March 22, 2009

Thomas Friedman: "We Must Have Growth"

Thomas Friedman states the obvious:
Let’s today step out of the normal boundaries of analysis of our economic crisis and ask a radical question: What if the crisis of 2008 represents something much more fundamental than a deep recession? What if it’s telling us that the whole growth model we created over the last 50 years is simply unsustainable economically and ecologically and that 2008 was when we hit the wall — when Mother Nature and the market both said: “No more.”
What on earth is so radical about this view? It is a perfectly acceptable possibility. It is truly sad that he feels the need to explicitly step out of the “normal boundaries” to even contemplate such an idea.

Later on he gets to his policy descriptions:
We must have growth, but we must grow in a different way. For starters, economies need to transition to the concept of net-zero, whereby buildings, cars, factories and homes are designed not only to generate as much energy as they use but to be infinitely recyclable in as many parts as possible.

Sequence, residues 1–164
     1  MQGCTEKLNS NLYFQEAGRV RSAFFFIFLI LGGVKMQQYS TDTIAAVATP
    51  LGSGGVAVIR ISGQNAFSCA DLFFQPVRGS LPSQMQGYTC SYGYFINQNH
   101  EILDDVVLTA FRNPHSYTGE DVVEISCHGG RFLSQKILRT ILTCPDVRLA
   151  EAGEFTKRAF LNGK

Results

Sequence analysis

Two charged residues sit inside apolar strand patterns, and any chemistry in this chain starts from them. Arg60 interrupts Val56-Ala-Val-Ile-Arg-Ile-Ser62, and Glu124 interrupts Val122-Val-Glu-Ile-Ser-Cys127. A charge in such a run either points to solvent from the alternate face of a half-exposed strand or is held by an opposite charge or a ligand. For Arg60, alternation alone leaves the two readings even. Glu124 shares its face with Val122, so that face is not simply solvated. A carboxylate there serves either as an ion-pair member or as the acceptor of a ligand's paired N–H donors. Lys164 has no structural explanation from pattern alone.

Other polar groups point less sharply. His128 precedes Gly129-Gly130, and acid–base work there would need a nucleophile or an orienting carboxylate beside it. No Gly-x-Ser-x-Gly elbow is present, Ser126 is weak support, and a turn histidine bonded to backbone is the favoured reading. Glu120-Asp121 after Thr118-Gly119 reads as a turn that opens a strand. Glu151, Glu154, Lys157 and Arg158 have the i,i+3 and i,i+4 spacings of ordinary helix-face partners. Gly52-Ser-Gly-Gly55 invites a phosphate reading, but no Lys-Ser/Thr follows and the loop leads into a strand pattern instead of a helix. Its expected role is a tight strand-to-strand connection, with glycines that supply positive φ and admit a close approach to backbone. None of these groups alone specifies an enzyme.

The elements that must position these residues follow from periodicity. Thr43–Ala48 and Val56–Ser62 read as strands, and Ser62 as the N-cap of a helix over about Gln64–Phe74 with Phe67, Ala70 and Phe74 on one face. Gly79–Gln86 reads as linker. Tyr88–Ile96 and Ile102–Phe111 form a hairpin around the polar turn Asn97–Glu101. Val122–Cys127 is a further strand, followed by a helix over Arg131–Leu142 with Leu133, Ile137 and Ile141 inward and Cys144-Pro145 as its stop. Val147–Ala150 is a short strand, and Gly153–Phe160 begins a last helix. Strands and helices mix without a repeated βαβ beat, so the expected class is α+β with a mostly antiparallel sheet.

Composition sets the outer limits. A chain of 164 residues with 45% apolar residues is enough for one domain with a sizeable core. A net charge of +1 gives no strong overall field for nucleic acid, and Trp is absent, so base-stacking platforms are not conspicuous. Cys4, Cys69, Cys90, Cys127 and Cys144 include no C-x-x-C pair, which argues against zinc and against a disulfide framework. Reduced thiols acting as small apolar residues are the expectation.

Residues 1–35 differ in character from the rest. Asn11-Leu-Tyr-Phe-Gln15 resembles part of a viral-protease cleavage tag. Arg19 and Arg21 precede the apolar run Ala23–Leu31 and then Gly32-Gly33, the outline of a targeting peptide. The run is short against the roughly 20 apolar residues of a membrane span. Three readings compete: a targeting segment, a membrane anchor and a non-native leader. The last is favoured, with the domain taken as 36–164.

Yes. Let's abolish the second law of thermodynamics. That will solve all our energy needs.

While greater efficiency is a good goal, what is it with the “we must have growth” meme? It is absolutely not true. We could very well go on with a lot less than we have, after all, our grandparents certainly did. We could produce less, we could consume less, we could travel less.

The only thing that necessitates growth (beyond population growth) is the current state of the banking system, which is built to withstand total collapse only in the presence of continuous growth. If the economy was not based on such huge amounts of debt, there would be no need for continuous growth.

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